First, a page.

Electronic mail (e-mail) is a new form of writing that has appeared in the last twenty years. E-mail has become the preferred form for communications for many of us who would previously have used written memorandums or the telephone. A new form of informal publication, newsgroups, is closely related. We will be using e-mail and the newsgroup ucsc.class.cmpe185 extensively this quarter.
Because it offers easier response and quicker interchanges than traditional hardcopy mail, e-mail tends to be less formal and more spontaneous. Items that are not important enough to justify writing a letter can be quickly sent with e-mail, and quick answers are also possible.
Electronic mail has the advantage over the telephone of not requiring both participants to be available at the same time. Also, with e-mail it is possible to edit one's replies and present them in a coherent fashion, not getting talked into things simply because one can't marshal one's words fast enough.
Because electronic mail is a new medium, there is no consensus on the correct writing style for it. Some people view it as essentially identical to hardcopy mail--only appropriate for fairly formal, well-thought out communications. Others see it as equivalent to chatting in the hall--a quick way to communicate something informally, without the formality imposed by more traditional writing. Still others go even farther, being more blunt than they would be in person, on the phone, or in more formal writing.
Because you will be spending much of your careers reading and responding to e-mail, you should spend some time thinking about which ways of using it are appropriate and which are inappropriate.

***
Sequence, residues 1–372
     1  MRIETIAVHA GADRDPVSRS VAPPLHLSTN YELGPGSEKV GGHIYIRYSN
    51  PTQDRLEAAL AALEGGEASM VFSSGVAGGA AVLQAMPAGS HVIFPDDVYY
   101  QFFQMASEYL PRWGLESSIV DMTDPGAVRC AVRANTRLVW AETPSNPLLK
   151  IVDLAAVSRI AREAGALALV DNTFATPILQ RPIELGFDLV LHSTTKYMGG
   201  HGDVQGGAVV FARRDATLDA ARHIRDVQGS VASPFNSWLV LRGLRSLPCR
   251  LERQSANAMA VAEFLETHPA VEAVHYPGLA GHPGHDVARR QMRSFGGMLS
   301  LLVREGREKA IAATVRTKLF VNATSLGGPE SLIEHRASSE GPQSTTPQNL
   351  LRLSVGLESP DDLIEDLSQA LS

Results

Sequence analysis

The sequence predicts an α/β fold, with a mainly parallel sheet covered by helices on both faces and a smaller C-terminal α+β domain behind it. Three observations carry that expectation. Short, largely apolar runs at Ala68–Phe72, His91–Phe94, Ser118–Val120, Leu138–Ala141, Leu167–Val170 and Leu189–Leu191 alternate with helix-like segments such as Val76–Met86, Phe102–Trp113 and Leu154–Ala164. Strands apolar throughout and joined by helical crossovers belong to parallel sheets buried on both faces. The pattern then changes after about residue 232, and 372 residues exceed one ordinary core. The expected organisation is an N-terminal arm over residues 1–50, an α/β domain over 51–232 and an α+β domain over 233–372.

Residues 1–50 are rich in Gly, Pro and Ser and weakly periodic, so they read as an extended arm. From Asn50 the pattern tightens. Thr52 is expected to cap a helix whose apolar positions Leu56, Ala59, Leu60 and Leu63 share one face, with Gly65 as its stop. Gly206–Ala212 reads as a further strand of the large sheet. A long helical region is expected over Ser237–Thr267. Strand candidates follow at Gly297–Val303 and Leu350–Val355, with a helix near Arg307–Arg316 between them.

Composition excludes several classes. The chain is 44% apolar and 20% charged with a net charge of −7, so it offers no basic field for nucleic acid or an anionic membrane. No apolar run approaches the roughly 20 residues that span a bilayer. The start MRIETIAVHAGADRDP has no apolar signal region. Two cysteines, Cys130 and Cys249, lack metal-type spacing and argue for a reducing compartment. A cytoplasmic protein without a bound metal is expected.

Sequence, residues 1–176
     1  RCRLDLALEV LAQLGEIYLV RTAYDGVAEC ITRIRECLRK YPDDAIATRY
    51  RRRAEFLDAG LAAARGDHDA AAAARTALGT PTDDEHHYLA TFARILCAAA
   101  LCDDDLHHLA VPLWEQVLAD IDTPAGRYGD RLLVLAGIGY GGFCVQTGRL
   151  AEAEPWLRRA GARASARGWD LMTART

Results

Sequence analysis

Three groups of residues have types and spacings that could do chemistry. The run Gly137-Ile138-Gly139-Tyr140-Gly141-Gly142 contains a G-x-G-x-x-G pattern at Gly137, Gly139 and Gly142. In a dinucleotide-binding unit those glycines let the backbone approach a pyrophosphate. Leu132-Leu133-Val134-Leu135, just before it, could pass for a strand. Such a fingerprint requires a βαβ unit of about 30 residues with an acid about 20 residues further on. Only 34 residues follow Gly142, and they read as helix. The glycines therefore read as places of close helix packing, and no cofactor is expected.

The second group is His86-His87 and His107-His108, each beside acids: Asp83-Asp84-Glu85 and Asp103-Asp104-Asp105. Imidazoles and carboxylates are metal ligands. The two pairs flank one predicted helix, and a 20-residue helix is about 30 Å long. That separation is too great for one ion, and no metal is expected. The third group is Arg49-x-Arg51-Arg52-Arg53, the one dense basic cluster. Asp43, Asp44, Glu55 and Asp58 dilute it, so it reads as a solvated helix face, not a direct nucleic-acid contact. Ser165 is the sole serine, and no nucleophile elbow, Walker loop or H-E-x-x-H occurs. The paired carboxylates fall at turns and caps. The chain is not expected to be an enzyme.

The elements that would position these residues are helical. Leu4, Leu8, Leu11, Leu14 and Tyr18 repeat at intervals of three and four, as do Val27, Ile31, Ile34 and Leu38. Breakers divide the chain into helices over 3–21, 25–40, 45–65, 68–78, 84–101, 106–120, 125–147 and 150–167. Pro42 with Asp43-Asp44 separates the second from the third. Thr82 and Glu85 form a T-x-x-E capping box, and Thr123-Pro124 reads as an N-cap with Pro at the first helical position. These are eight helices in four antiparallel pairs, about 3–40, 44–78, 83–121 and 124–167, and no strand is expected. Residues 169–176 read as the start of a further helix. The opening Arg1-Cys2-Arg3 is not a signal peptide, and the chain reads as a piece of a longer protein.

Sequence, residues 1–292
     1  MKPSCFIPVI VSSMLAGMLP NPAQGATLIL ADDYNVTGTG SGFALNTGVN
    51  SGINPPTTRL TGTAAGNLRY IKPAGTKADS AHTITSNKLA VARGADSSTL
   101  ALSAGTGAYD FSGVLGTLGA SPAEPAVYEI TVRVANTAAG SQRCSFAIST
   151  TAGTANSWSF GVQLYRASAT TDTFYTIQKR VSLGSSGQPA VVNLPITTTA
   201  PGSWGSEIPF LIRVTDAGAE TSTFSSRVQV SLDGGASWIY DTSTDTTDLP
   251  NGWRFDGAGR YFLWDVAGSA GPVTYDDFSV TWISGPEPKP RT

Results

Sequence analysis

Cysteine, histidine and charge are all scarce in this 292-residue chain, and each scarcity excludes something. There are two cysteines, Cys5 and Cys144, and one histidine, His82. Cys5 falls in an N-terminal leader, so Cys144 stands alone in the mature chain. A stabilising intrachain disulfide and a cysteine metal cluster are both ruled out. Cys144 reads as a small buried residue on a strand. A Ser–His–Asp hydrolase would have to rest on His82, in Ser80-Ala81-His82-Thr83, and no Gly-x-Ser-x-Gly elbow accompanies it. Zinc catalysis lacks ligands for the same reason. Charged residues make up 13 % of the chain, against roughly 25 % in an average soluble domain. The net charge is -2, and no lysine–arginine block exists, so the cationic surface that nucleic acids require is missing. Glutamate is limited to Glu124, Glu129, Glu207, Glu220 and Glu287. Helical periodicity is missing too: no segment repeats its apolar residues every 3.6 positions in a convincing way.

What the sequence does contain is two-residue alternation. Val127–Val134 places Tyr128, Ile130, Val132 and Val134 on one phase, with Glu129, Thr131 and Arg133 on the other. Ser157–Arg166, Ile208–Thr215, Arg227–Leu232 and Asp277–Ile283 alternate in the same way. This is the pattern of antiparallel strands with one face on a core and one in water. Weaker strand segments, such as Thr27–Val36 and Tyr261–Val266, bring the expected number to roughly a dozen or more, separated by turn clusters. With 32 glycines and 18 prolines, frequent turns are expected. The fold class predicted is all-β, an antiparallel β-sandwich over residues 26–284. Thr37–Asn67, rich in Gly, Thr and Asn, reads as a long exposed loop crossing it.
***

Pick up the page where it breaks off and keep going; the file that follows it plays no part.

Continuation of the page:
One common occurrence in e-mail and newsgroup discussions is flaming--verbal attacks on a person who makes an argument you disagree with. It is very easy to get angry at someone who makes a statement that is stupid or hateful, and that anger often causes people to write rude replies. These attacks are generally counterproductive--they antagonize the person they are directed at and often irritate others who are participating in the same discussion.
When you read a statement you disagree with strongly, feel free to write a reply, but don't send it immediately. Give yourself a day to cool down, then re-read your reply. You might find that it is rude and unpleasant to read. Re-write it, removing snide comments and ad hominem attacks, adding coherent arguments that bolster your side of the matter. Try to concentrate on what the person wrote, and not on the person. Also decide whether the reply needs to be posted so that everyone can see it, or whether it should be sent privately to the recipient.
Another useful thing to do when editing an e-mail or news posting is to try to cut it in half. Long rambling messages generally get skipped or read very hastily, while messages that are short and to the point get remembered. Don't forget your paragraph breaks--you can get away with much longer messages if they look well-organized.
Don't go so far in trimming your writing that your message is incomprehensible out of context. When replying to someone else's message, remember that the person you are mailing to may not have a copy of the original message. Don't quote long messages either--just pull out the salient parts that need to be quoted to establish context.
One of the joys of e-mail and newsgroup discussions is that you don't have to respond immediately--you can take the time to think up the arguments and examples that make your case stronger. A discussion that would last minutes face-to-face may take days electronically, but the issues are likely to have been examined more thoroughly, and there is a better chance of persuading someone to a rational conclusion.
Humor, particularly irony, is extremely difficult to convey in writing. In fact, humorous writing is one of the most difficult kinds of writing--good humor writers are even rarer than good stand-up comedians.
If you make jokes on a newsgroup, or in widely distributed e-mail, nearly always someone reading your joke takes it seriously, and starts trying to correct you. There are several ways to avoid this problem: